As bad as President Donald Trump describes US-Pakistani ties today, they can get far worse.
Over 16 years that included hundreds of deadly US drone strikes, Osama bin Laden’s killing on Pakistani soil and accusations Pakistan helps insurgents that kill Americans, the reluctant allies never reached one point of no return: Pakistan closing the air routes to Afghanistan.
It’s an action that could all but cripple the US-backed military fight against the Taliban. It could also be tantamount to Pakistan going to war with the United States.
Even if such a step is seen as unlikely by most officials and observers, Pakistan’s ability to shape the destiny of America’s longest war is a reminder of how much leverage the country maintains at a time Trump is suspending hundreds of millions of dollars in military assistance.
“There’s some suggestion that we have all of the cards in our hands,” said Richard Olson, a former US ambassador to Pakistan. “But we don’t. The leverage is strong on the Pakistan side as well and arguably stronger than our side.”
Trump’s re-commitment of US forces to the fight in Afghanistan makes the stakes high for his administration. The top US diplomat for South Asia, Alice Wells, made a low-key visit to Islamabad this week, suggesting both sides want to prevent a breach in ties.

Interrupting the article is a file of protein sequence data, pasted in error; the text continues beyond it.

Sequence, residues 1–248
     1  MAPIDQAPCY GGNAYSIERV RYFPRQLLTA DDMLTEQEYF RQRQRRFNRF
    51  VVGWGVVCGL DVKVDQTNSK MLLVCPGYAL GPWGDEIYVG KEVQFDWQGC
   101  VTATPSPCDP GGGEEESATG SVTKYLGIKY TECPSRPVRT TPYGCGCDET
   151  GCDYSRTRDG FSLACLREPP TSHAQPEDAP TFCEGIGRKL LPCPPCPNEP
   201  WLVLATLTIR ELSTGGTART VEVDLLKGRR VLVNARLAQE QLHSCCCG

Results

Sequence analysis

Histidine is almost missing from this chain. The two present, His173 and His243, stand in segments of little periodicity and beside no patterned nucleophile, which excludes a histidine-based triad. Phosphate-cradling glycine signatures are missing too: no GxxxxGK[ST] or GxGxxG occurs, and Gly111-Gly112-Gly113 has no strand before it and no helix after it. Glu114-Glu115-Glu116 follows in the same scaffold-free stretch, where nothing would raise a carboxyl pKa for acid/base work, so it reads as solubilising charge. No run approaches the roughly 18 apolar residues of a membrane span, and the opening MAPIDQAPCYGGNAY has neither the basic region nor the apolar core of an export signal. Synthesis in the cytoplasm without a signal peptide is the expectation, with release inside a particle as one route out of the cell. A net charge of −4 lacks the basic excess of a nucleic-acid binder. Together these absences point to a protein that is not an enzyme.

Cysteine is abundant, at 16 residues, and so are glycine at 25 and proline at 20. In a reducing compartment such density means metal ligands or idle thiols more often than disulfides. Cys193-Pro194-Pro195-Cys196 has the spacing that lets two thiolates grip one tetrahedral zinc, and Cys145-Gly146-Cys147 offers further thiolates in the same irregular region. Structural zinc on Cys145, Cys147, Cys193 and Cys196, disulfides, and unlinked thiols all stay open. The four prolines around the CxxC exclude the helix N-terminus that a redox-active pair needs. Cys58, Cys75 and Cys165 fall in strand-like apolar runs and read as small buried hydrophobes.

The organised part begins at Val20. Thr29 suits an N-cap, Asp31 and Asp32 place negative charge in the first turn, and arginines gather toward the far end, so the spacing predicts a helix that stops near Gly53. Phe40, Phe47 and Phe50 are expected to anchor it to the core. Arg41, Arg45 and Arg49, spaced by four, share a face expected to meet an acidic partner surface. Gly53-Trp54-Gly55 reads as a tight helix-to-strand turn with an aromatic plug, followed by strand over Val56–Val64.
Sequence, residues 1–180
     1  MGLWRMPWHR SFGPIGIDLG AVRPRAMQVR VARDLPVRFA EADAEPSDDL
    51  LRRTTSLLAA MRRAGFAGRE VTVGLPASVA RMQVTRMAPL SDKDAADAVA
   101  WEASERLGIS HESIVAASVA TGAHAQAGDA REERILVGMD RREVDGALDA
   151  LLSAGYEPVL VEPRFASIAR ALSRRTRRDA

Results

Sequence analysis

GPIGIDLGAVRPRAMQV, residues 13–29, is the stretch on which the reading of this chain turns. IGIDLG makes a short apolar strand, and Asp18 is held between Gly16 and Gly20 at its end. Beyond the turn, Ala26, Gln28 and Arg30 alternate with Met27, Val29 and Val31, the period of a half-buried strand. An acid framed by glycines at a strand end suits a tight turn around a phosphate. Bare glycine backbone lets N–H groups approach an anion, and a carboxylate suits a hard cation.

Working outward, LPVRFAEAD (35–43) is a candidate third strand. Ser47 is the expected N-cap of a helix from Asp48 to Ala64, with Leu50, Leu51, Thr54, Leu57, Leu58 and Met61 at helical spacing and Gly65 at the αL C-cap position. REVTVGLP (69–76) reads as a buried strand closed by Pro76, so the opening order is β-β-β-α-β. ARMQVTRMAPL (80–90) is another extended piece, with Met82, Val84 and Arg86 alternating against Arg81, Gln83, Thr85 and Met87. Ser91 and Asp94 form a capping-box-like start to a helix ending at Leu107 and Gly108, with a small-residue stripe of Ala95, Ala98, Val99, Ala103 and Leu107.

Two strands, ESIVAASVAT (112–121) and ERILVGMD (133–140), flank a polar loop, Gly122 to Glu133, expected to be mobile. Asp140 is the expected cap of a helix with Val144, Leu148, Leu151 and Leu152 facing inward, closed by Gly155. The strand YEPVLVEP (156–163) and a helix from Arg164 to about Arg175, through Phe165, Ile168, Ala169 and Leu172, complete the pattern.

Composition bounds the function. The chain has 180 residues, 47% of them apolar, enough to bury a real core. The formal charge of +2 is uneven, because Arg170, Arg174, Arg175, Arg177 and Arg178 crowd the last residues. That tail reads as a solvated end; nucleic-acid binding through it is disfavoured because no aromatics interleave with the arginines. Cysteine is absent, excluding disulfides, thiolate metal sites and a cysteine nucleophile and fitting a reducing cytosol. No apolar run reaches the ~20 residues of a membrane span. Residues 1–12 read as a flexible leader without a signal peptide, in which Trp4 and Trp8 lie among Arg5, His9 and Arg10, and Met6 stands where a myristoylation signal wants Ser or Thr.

Pakistan’s cooperation is needed not only to reduce violence in its northern neighbor. It’s also critical to any hope of a political settlement with the Afghan Taliban after decades of conflict.
Defence Secretary Jim Mattis has said the US doesn’t expect Pakistan to cut off supply routes. Even so, the US is seeking out alternatives, a senior administration official said, without elaborating on what those routes might be.
The Pentagon wouldn’t discuss the issue, citing operational security, other than to say military planners develop “multiple supply chain contingencies” to sustain their mission.
The administration official, who wasn’t authorised to comment by name and demanded anonymity, said it would be “very difficult” but not impossible for the US to get military equipment into Afghanistan if the Pakistan route is shut down.
Restrictions limit what types of supplies can flow through the Northern Distribution Network in Central Asia, set up during the Obama administration amid concerns about relying solely on Pakistan.
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